How many points do you need to win a pickleball game? The number of points required to win depends on the type of game being played. There are a handful of scoring systems for pickleball. In this section, we will discuss the different scoring rules used in pickleball and how to win under each rule.

types of scoring and points you need to win

Tournament Scoring Rules

In tournament play, the scoring system typically follows the International Federation of Pickleball (IFP) rules. This means that side-out scoring is the scoring system used in most tournaments. According to the IFP, tournament games are played to 15 points. With the traditional scoring system, only the serving side can score a point. If the score becomes tied at 14-14, the game continues until one side has a two-point lead.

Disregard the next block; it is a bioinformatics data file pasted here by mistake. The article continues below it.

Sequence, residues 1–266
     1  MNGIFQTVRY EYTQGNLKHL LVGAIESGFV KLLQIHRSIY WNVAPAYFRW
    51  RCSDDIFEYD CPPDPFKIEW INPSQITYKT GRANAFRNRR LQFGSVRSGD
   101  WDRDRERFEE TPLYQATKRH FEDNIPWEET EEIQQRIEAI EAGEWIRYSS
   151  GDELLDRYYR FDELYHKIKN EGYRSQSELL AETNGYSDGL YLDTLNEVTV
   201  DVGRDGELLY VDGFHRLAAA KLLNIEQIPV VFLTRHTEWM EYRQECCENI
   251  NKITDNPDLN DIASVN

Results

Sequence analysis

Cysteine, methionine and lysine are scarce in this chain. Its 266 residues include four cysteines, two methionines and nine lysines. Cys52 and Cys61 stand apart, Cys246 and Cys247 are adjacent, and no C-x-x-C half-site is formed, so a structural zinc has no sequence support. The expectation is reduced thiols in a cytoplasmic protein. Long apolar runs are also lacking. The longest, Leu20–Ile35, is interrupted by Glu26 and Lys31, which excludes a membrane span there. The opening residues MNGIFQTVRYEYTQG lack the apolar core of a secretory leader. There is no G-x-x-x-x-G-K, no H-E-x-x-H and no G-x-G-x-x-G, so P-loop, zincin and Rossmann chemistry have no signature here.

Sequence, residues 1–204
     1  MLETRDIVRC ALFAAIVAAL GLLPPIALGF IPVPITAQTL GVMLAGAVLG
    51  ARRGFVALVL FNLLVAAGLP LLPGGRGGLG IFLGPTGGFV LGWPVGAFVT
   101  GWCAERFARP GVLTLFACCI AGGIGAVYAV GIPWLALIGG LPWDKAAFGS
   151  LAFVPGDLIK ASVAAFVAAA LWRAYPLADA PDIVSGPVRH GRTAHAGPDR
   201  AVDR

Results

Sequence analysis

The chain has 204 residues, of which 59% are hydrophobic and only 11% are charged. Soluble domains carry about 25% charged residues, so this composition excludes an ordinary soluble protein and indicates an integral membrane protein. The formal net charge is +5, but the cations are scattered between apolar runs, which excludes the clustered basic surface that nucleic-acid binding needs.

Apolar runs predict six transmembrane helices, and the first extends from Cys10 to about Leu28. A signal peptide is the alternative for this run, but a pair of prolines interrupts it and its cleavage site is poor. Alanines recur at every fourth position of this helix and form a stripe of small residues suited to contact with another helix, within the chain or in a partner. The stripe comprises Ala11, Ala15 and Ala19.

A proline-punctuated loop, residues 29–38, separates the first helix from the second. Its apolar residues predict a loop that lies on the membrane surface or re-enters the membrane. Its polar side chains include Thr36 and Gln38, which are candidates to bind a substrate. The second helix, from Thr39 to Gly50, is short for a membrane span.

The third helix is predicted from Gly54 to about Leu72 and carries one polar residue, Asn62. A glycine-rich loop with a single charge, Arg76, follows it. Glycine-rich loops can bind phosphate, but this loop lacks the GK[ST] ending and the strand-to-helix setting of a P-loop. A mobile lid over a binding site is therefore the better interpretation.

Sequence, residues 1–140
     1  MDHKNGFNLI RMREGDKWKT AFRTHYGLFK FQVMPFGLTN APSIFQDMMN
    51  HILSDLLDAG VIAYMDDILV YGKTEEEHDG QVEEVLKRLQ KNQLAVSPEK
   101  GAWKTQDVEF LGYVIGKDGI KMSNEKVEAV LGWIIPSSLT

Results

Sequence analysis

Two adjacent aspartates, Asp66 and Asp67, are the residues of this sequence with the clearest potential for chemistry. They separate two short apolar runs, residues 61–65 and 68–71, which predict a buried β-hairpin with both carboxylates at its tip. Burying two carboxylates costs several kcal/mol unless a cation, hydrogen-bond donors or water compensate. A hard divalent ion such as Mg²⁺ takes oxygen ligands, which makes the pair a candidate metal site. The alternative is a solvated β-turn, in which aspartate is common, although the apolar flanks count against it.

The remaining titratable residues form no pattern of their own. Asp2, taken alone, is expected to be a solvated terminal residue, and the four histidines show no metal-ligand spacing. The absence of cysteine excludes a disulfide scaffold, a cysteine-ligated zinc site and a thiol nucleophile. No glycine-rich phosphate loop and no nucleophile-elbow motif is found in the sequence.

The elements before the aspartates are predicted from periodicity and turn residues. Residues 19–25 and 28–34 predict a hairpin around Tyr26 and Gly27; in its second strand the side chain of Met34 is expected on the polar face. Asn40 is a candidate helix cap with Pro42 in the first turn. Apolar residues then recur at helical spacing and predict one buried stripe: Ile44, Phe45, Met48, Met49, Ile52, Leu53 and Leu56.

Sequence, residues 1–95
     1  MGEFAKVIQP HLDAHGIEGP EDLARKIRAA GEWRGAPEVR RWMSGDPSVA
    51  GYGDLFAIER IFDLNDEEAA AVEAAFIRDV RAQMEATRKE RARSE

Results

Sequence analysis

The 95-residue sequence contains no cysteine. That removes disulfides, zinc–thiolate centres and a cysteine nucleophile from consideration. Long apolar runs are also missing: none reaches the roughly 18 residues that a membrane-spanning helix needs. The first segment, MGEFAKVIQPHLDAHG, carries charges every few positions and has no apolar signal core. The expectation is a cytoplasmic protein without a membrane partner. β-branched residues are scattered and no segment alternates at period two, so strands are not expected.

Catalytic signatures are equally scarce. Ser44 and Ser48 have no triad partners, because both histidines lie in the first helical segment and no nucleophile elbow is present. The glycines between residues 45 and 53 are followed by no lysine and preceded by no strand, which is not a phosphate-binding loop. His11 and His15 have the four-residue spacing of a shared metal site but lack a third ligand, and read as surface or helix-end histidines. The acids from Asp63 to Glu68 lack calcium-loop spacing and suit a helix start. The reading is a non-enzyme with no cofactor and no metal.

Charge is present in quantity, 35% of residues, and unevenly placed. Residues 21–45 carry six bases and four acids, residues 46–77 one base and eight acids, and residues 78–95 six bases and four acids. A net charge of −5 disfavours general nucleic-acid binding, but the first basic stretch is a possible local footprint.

14-14 is an example of a deuce. We’ll expound on this later in the article.

Pinned Notes Icon

FUN FACT: The highest number of points in a professional pickleball game is 38 to 36, played by Matt Wright and Brandon Joyner against Kevin Kraywinkel and Mike Shea. Write and Joyner won the game at 38 points. This happened in the 2019 USA Pickleball National Championships in the Men’s 4.0 Doubles division.

Rally Scoring Rules

Rally scoring is a scoring system in pickleball where a point is scored by the team that wins the rally, regardless of whether they are the serving team or the receiving team.

The tournament rules for rally scoring in pickleball are as follows:

  • Games are played to 11, 15, or 21 points, depending on the tournament.
  • If the score is tied at 10, 14, or 19, the game will continue until one team has a 2-point lead. These are other examples of a deuce.